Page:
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    Building, troubleshooting and testing of these amplifiers should only be
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    the safety precautions around high voltages.

Can you SEE (construction) how a tube SOUNDS?

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I've been wondering again;)

My amplifier uses 6U8 driver tubes, and I have tested some 8 different brands of these. Most of them look very alike (inner construction). I have found that the most pleasing to my ears (but it certainly isn't always easy to hear the difference!!!) are in this case EI, which have the most robust construction (getter is not mounted on a simple 'stick' but rests on a whole construction of metal pieces, there are also two little rectangular metal pieces that look as if installed to re- or deflect something:)). My second choice are the RCA's which have black plates on the triode-section, but for the rest look very much like the other brands I've listened to.

Can any of you experienced tubelovers tell me if I can generalise these findings to all the tubes, and secondly, can two tubes of the same type but of different makes that look quasi-identical have big differences in sound quality between them? If so, what is the invisible factor? (I've had Telefunken that look very much like cheap unlabeled Chinese tubes, but seem to sound better, although the 'name' might have influenced me a little!). And last but not least: what's the advantage of 'black plates'?

Many thanks,
I was wondering something similar and would also appreciate anyone with experience commenting! My experience wasn't about sound per se but still about seeing the difference in quality in construction.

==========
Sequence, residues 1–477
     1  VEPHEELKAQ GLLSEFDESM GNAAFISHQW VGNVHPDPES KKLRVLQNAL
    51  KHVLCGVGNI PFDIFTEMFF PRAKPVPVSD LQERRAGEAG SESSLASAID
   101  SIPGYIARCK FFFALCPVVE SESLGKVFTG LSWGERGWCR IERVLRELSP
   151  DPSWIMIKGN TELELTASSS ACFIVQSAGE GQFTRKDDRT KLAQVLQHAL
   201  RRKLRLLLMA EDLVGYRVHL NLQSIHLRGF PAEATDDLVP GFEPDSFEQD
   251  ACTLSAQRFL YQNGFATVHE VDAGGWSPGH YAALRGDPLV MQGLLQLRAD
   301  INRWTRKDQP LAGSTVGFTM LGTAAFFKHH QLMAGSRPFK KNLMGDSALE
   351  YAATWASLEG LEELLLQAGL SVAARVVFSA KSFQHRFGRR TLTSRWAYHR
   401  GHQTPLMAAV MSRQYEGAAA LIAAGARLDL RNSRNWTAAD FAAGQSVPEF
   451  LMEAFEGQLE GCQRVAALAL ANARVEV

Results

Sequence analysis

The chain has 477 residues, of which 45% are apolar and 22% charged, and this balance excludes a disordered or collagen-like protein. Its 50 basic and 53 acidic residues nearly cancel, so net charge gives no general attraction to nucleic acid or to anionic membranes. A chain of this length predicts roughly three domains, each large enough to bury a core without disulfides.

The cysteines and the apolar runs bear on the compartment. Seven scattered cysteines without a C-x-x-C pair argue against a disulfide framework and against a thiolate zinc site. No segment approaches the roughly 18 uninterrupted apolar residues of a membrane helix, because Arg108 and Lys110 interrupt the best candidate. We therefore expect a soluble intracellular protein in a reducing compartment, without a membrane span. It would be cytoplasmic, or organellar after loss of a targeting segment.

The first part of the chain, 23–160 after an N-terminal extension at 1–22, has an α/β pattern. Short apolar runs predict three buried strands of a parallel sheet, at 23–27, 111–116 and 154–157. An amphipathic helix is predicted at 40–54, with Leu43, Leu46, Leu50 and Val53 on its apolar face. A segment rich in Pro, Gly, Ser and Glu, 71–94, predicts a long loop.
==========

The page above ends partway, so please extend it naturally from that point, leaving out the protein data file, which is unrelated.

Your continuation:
I built a pair of monoblocks with 5U4-G rectifiers. The first set of tubes were Chinese and a few days after completion one of them began to flash on startup. After that is seemed OK and voltages and currents were fine. Worried about the flash I replaced them with Sovteks.

When I took the first Sovtek out of the box is simply looked more robust than the Chinese tubes. After several months now I've not had a single flash or other issue with the Sovteks.

I understand that my sample is not sufficient to draw any real conclusions but just anecdotally (sp?) in this case it seems that a quality difference is visible . It would be very interesting to hear if sound differences might be "seen".
Hello Sherman,

I've experienced the same 'flashing' of tubes when powering up and asked what it was in another forum: I'm not gonna go into the details, but in short it has something to do with the resistance of the filament when cold. It's no problem at all, no manufacturing error, doesn't hurt anyone or anything, so you can just use those tubes.

Interestingly the Ei tubes I rate so highly suffer(-ed? I don't know if they still do!) from it, and in the beginning I even heard some crunchy noises in the speakers when warming up. Quite some tubes exhibit this 'noisy start' and in my experience it disappears after a little while, I think it's just the flashes being (sonically) amplified. I don't think it's in any way related to the quality of the tube.

Another thing I forgot in my previous post: are D-getters better than Halo-getters? (they are surely more exotic)

DigitalJunkie said:
The filament "flash" is normal in some tube types,but is not the same thing as a rectifier arcing over.
I've had 2 Sovtek 5AR4's arc over in my ST-70,both in the exact same spot,the same side of the tube,right at the bottom of the cathode,it seems the gap there between A and K is really close.
Maybe Sovtek has recently fixed that?

My Chinese tube initially just flashed right at the top of the tube. After a few more days of use and being turned on and off two or three times a day the flash became longer in duration, starting at the top and moving toward the base, almost like a florescent light turning on.

No consensus was reached here that it was dangerous or even a serious fault. However after the time (and money) I put in on the amps I decided caution was in order and replaced them.

The Chinese tubes had something like a mica piece at the top while the Sovteks wrap the wire around a very different structure which to my untrained eye just looks more solid.
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